Study Indicates Poor National Graduation Performance

By Staff
June 4, 2009

A new report released this week indicates that four-year colleges across the country graduate an average of just 53 percent of students within six years. The study--which was conducted by the American Enterprise Institute, a conservative think tank--was based on data reported to the Education Department by about 1,400 institutions of higher learning throughout the United States.

Entitled "Diplomas and Dropouts," the analysis represents full-time, first-time, degree-seeking students, which effectively does not include transfer students. Although Inside Higher Ed points out that this definition equates to only about 25 percent of full-time students enrolled in the United States, education leaders are taking the study seriously.

"The country needs to do something about this," said Joni Finney, a professor at the University of Pennsylvania who specializes in higher education and was quoted in The Philadelphia Inquirer [from an article originally located at]. "We see generations of students being lost."

Particularly concerning to the authors of the report was the disparity in graduation rates between similar schools. Heritage University and Walla Walla University, both in Washington state, were used as examples to prove the point: "Both are noncompetitive, private master's degree-granting colleges located in the same state," noted the authors. "However, Walla Walla graduates 53 percent of its students, while Heritage graduates only 17 percent. Our analysis reveals that such substantial differences between similar schools are quite common."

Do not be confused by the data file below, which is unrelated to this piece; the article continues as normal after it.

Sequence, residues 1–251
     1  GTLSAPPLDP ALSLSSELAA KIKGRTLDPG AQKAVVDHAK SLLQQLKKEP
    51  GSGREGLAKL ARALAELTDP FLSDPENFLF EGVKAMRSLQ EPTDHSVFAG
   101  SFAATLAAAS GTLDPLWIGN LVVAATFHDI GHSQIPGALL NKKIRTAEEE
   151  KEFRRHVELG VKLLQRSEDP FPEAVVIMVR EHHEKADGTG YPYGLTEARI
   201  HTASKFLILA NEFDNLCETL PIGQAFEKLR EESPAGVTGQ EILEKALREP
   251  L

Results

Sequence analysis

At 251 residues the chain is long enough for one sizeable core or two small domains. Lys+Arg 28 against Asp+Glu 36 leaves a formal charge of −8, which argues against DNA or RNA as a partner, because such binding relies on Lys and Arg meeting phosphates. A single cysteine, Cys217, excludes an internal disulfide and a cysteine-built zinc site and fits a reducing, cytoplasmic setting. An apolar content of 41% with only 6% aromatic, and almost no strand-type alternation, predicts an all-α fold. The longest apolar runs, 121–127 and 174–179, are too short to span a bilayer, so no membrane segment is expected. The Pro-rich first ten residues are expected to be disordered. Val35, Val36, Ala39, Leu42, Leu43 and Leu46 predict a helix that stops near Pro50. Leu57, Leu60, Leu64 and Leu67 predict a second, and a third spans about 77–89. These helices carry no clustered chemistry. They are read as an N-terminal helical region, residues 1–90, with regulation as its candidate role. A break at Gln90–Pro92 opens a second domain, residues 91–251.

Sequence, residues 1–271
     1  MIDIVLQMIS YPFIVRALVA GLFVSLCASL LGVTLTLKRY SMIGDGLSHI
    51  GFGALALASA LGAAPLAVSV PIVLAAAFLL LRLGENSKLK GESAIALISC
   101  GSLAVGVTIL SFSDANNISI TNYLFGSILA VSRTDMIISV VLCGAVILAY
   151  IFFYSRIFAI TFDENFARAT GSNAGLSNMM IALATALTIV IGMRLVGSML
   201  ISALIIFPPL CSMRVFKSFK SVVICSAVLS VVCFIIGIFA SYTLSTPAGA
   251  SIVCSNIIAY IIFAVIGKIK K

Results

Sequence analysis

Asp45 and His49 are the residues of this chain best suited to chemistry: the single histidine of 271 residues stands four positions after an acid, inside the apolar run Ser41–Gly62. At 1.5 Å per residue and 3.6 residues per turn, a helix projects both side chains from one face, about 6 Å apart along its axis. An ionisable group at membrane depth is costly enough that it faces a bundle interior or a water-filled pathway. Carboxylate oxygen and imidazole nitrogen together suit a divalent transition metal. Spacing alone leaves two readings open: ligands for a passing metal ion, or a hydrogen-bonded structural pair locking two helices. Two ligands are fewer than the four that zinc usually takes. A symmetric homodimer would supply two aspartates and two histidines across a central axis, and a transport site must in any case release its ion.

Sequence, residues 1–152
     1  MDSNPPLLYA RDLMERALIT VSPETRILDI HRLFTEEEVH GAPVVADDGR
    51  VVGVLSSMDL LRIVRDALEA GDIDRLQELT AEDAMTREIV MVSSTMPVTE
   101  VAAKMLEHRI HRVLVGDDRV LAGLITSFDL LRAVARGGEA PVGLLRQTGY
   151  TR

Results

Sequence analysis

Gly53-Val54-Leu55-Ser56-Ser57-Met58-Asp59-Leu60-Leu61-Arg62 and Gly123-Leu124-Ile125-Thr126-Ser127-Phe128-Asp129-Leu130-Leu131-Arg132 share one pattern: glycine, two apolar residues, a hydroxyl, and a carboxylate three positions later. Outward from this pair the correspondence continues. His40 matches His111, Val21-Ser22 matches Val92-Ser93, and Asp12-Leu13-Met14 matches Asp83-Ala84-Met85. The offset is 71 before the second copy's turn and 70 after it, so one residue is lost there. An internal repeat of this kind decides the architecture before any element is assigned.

But others countered that the study didn't take into account extenuating factors which could impact the findings. Inside Higher Ed, for example, points out that Heritage is located on the Yakama Indian Reservation and primarily enrolls Native American and minority students who may require more college preparation.

Similarly, Cheyney University of Pennsylvania, a historically black state system school, graduated only 29 percent of its students in six years--the worst rate in the area. While Cheyney spokeswoman Antoinette Colon acknowledged to the Inquirer that the school was trying to improve, she also noted that many of their students hail from "underestablished educational systems" in the area.

Nevertheless, said the report's authors, individuals should take the findings into account when selecting a school. "When two colleges that enroll similar students that have a graduation rate gap of 20 or 30 percentage points or more, it is fair to ask why," the study says. "More important, students, parents, guidance counselors, and taxpayers (who foot the bill for many student costs) all deserve to know which schools graduate most of their students and which graduate only a few."

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